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Matt Kemp bows out in derby's first round, Mark Trumbo advances

Defending champion Robinson Cano is also out after failing to hit a single homer. Jose Bautista leads the first round with 11.

July 09, 2012|By Steve Dilbeck
  • Blue Jays outfielder Jose Bautista takes a cut during the first round of the Home Run Derby on Monday night in Kansas City. Bautista was the only slugger to finish in double digits, advancing to the semifinals with 11 homers.
Blue Jays outfielder Jose Bautista takes a cut during the first round of… (Dilip Vishwanat / Getty…)

Hey, at least Matt Kemp didn’t aggravate his hamstring.

Otherwise, Kemp looked a lot like someone who hasn’t played a major league game since May during Monday’s All-Star Home Run Derby at Kauffman Stadium in Kansas City.

While the Angels’ Mark Trumbo was advancing to the semifinals with seven homers,  Kemp hit only … one. Last year he hit two.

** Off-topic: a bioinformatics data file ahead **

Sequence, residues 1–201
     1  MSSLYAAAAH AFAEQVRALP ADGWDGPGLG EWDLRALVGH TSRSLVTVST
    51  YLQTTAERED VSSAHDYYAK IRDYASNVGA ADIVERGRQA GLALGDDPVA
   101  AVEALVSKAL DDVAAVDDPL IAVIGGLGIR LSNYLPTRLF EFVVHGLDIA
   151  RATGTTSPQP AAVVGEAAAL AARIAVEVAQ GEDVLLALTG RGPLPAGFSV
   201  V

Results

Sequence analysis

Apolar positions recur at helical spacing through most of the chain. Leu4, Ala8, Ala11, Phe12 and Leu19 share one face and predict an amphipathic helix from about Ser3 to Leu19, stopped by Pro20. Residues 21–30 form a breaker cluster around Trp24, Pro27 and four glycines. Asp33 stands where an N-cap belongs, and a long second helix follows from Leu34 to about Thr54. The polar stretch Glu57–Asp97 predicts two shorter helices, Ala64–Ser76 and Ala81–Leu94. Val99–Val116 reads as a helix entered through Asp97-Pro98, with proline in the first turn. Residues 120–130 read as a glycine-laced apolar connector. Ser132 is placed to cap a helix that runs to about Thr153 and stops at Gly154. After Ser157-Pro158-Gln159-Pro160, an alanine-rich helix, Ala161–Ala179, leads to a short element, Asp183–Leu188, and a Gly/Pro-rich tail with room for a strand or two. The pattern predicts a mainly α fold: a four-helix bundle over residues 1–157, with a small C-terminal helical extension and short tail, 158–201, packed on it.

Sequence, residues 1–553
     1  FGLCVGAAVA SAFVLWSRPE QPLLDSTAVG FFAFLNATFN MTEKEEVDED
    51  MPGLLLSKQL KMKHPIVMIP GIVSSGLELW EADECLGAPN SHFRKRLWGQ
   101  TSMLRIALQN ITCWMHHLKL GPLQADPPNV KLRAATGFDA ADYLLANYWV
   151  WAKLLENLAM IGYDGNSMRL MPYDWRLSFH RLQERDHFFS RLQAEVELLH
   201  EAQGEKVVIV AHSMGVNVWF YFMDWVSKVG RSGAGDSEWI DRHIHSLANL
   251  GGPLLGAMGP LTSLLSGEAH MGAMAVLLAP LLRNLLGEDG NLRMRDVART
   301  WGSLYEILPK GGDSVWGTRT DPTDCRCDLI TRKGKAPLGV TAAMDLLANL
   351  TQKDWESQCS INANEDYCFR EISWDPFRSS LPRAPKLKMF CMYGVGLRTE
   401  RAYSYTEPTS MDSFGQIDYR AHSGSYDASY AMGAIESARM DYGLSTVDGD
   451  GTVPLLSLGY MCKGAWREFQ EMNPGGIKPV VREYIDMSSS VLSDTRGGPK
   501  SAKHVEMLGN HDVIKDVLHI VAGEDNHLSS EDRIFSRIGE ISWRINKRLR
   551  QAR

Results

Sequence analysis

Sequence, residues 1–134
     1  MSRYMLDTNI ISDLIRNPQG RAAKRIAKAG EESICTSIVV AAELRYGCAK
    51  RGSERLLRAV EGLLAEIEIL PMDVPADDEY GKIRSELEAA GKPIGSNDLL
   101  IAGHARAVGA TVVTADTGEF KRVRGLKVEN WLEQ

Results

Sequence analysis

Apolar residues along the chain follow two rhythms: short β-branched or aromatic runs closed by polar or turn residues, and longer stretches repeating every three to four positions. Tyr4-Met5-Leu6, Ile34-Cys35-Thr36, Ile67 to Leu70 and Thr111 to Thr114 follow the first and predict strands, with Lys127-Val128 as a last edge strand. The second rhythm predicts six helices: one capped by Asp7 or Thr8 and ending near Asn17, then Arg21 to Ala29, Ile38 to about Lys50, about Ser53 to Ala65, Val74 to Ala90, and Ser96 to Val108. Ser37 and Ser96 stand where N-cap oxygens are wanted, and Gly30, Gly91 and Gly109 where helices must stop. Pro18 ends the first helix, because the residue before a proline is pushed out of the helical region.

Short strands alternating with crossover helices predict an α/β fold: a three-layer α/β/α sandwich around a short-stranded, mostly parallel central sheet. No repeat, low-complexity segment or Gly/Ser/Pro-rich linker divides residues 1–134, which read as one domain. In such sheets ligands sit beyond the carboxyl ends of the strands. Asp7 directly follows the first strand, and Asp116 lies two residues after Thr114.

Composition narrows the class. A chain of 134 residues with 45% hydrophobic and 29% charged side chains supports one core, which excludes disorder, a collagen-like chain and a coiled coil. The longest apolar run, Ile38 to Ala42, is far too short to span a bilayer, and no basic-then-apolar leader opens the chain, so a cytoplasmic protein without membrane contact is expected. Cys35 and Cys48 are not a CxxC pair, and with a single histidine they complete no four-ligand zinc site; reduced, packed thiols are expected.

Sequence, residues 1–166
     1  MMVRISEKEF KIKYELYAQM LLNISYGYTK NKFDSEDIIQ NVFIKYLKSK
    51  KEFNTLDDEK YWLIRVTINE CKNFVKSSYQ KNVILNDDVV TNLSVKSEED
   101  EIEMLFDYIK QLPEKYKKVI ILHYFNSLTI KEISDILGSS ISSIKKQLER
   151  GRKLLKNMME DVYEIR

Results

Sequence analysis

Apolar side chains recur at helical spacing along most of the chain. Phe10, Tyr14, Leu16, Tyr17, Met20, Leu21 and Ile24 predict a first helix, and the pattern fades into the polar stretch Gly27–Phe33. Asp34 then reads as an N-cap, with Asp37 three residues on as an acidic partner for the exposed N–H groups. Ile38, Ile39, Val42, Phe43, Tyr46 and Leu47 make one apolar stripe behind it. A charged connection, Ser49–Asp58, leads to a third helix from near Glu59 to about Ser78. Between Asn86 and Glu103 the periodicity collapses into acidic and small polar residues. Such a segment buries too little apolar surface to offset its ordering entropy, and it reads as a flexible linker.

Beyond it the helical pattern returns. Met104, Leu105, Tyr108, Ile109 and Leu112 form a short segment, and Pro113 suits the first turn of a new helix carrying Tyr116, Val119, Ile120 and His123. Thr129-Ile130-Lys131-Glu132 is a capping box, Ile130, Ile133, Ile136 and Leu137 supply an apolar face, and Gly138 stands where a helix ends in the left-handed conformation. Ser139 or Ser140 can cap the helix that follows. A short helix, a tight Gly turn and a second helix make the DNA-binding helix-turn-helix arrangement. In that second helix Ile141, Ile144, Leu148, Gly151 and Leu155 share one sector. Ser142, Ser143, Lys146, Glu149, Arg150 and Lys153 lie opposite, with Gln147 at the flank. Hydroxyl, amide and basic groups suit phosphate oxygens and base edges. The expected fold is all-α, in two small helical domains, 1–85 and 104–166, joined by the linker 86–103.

Doubt the Dodgers were too upset that Kemp, on the disabled list with a strained hamstring, was eliminated in the first round. Kemp, scheduled to be activated Friday when the Dodgers resume the second half of the season, looked a bit embarrassed at his performance.

Kemp was elected to start in Tuesday’s All-Star game but will not play because of the hamstring. At least he could blame his disappointing performance Monday on being a tad rusty.

Trumbo went fourth of the eight hitters and looked a tad tight early on. Guess there is some difference between the contest here and in the Texas League.

But Trumbo calmed down and racked up seven homers. And he wasn’t exactly shortchanged on any of them. His seven homers averaged 426 feet, including a line drive off the brick wall beyond center and a drive that went off a roof beyond right field.

Also advancing to the semifinals were Toronto’s Juan Bautista with a first-round high of 11, St. Louis’ Carlos Beltran with seven and Detroit’s Prince Fielder, who snuck in with five.

The highlight for the hometown crowd was the final batter, the Yankees’ Robinson Cano, who did not manage to hit a single homer. He became the fifth hitter in the competition’s history to bagel.

Cano, the defending champion, had miffed the locals by not including the Royals’ Billy Butler on his American League team. He was booed all night, and then cheered with each of the 10 outs he made. When he was done, he got a standing ovation.

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